Where We Stayed, What We Ate, What We Did


Photo courtesy Elements Restaurant



WHERE WE STAYED



Chris and I actually booked an AirBnB when we decided to travel to Aruba, this* one to be exact. Most people will tell you that Aruba is an expensive trip, and it can be depending on your lodging and excursions, but you can also do it affordably if you are willing. The apartment we stayed at was convenient, studio size, and beautifully furnished. It was centrally located to everything, so nothing was much longer than a ten minute walk away. The weather was also so beautiful while we visited that we didn't mind going places on foot. The few places we did go that were a little out of the way, we called a cab, which are extremely reasonable (similar to Uber prices). I should correct myself, when I say "we" called a cab, I really mean Katy. Katy was a resident at the complex who helped with all of the guests since the owner, Serena, did not live locally. We kept in touch with her through WhatsApp, which if you don't have - download it right now! It is immensely helpful when traveling outside of the states and allows you to text and make phone calls when needed. I do not know if Katy still lives/works there, but she was a tremendous help during our stay and was available to answer any question we had.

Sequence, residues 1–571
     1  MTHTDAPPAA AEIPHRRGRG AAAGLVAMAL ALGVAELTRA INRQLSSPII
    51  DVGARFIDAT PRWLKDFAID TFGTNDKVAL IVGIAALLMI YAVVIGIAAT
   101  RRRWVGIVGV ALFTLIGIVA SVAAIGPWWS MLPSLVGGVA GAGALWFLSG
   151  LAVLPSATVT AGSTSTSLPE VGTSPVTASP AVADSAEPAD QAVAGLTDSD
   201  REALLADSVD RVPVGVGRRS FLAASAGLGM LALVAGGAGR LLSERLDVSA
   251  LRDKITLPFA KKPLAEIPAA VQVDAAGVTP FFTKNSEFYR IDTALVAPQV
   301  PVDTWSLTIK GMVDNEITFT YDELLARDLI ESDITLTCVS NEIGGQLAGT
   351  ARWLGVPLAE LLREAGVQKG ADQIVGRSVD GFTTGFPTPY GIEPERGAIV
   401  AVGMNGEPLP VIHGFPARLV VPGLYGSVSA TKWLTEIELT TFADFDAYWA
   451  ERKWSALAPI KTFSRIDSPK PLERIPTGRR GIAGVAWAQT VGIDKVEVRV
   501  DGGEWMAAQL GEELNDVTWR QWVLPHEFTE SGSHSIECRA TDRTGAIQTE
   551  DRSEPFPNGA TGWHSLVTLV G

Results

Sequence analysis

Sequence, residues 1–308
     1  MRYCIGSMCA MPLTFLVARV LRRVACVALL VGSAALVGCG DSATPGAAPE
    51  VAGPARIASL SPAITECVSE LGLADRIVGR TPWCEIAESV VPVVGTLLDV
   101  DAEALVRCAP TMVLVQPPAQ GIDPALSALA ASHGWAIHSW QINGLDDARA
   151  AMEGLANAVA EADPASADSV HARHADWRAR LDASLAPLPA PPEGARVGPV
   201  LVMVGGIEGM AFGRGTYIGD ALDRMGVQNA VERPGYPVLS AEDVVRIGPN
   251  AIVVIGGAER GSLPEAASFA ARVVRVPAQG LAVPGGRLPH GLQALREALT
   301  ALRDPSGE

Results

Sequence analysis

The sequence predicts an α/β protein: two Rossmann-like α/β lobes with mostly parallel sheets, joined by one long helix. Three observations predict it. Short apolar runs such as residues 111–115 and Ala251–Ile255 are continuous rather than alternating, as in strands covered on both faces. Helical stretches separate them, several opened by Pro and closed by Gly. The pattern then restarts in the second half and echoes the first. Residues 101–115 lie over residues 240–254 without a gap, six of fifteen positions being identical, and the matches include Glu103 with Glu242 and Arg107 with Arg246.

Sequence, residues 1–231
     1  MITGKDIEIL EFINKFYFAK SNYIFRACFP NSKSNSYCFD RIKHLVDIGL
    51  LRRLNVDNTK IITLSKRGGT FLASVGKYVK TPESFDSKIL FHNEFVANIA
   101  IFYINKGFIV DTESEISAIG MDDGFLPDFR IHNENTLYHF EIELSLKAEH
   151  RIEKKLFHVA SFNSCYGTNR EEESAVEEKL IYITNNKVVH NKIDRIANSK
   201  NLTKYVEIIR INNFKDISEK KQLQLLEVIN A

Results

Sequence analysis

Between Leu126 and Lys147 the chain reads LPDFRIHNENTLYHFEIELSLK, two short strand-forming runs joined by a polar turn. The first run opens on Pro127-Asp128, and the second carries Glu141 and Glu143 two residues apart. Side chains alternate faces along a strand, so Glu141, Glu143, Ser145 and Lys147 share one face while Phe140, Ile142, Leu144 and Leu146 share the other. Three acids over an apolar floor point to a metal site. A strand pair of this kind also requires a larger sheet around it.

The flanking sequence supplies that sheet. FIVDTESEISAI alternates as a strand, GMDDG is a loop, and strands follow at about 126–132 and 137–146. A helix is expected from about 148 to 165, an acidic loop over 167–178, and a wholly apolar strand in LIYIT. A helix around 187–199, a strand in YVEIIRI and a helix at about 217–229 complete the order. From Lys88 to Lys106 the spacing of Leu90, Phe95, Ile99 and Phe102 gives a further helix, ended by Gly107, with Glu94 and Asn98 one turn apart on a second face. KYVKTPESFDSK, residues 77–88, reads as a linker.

WHAT WE DID

Snorkeling: If you do anything in Aruba, you need to go snorkeling (or scuba diving if you're able). This was hands down our favorite experience. The company we booked was Private Snorkeling and I cannot recommend them enough. It was very reasonably priced, and we ended up being the only two people who signed up for the time that we went so we got our own unintended private tour! The captain who took us to the different diving spots was informative and friendly, and we learned so much while we were sailing to the various locations. Being able to swim in those crystal clear waters and respectfully interact with a plethora of sea-life was incredible. We saw schools of colorful fish flying through the current, sea turtles just under the surface, and even a stingray floating along the ocean floor. One of the stops was a very old, historic shipwreck that was awe inspiring as well as anxiety inducing to witness. Whether you use this charter, or book elsewhere, snorkeling is an absolute must! Even if you're not a great swimmer, floaties are always an option.